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Knights cap off perfect season with 1st State cage title PDF Print E-mail
Sunday, March 23, 2014 8:08 PM

BY JOHN PARENT

Times Bulletin Sports Editor

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COLUMBUS — Crestview head coach Jeremy Best must give one heck of a halftime speech.

For the second time in as many games, the Knights came out of intermission firing on all cylinders. Crestview used an 18-0 run to start the third quarter to turn a three-point halftime margin into a 71-44 rout in Saturday’s Division IV state championship game, defeating Louisville St. Thomas Aquinas.

“That’s a pretty unique run. An 18-0 run is good stuff,” Best acknowledged after the game. “We can be explosive. Once we start getting some turnovers and some run-outs, that’s when we’re pretty good.”

It is the first state championship for the storied Knights boys basketball program.

“The last one (halftime speech) was pretty tough to top,” senior guard Cam Etzler said of the talking-to that Best gave the team on Saturday. “He just really stressed being tough. They (Aquinas) were being tougher than us, flat-out.”

After a fiery locker room talk on Thursday, Best said this one had a different tone.

“I was very calm today,” he noted. “We talked about just a mentality, a toughness. We wanted to take better care of the basketball. We keep it simple and that’s really what it came down to.”

As they have all year long, the Knights used their defense to ignite the rally.

Etzler came up with a steal at mid-court and found sophomore Connor Lautzenheiser on the wing for a transition 3-pointer that gave Crestview a 29-23 lead. On the next Aquinas possession, Tyson Bolenbaugh rejected a shot on defense, then scored in the low post at the other end.

“The transition game, that’s what got us going,” said senior wing Damian Helm, who had a game-high 20 points on the afternoon. “We got our stops, secured the rebounds and then we just converted on the other end. That was big for us to get those easy buckets out in transition.”

After another Aquinas turnover, it was Lautzenheiser draining another three and suddenly, the Knights led by 11.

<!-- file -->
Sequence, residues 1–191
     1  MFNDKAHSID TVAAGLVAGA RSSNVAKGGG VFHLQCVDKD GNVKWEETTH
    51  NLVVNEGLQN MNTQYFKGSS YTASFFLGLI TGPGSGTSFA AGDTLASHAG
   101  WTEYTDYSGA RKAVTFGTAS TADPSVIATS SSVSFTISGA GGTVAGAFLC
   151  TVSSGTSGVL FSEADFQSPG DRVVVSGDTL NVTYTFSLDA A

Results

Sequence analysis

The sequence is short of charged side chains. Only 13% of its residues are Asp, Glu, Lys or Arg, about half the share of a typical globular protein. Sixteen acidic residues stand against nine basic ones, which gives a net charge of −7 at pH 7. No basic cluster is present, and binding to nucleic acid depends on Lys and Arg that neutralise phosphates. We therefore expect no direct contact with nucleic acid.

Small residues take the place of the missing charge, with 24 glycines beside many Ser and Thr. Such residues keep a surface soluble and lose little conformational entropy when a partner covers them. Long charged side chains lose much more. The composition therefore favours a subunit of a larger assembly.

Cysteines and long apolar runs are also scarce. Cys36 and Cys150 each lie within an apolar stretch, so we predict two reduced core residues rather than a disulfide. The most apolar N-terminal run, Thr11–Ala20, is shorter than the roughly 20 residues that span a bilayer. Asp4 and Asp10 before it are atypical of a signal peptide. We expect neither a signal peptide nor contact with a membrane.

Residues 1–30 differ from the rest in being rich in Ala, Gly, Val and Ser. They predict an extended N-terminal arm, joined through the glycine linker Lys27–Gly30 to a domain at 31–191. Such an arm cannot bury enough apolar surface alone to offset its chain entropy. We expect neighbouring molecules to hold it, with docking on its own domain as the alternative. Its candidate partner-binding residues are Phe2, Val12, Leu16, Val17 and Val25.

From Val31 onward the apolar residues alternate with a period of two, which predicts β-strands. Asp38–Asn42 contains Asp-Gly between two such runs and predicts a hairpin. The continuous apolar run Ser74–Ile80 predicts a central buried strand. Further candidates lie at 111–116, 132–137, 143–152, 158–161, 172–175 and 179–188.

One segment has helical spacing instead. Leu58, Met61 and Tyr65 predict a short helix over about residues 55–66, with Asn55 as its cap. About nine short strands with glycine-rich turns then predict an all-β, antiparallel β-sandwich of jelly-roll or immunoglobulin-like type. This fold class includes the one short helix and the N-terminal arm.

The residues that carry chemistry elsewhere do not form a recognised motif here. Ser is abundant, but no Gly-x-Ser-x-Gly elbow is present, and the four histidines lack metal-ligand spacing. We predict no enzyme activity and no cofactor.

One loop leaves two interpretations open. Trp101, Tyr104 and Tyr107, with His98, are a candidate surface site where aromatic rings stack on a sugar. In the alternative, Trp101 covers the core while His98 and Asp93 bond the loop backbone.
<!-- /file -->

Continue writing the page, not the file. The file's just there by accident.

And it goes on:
Helm later added a three and a pair of Bolenbaugh baskets pushed Crestview’s margin to 44-23 before Aquinas finally got on the board for the first time in the quarter.

“It was just our defense,” Helm said of the game-changing run. “It didn’t really hit me until they took that timeout when we were up 19 and I was just like ‘whoa.’ We were doing some good things out there.”

Aquinas was 0-for-5 in the quarter and had seven turnovers before getting that first field goal with 2:43 to play in the period.

For the Crestview defense, it was a stark contrast to the efficiency they allowed Aquinas in the first half. The black-and-gold Knights made seven of their first 11 shots in the game, including each of their first four from downtown. Aquinas finished the first half at 9-for-18 (50 percent) overall but Crestview held them to 6-for-20 (30 percent) after halftime.

“I think it all came down to the defensive end,” Etzler added. “We really buckled down and got some turnovers. That started our offense.”

Bolenbaugh scored eight points in the third, a part of a 20-3 margin for Crestview in the quarter. The Knights used a 15-4 third period to take control of the state semi-final game versus Tri-Village on Thursday night.

“When we were able to get some shots and handle their pressure, we were able to get some layups, we got some kick-outs for threes. We were able to get in transition a little bit,” Best continued. “When you knock shots down, that helps the cause.”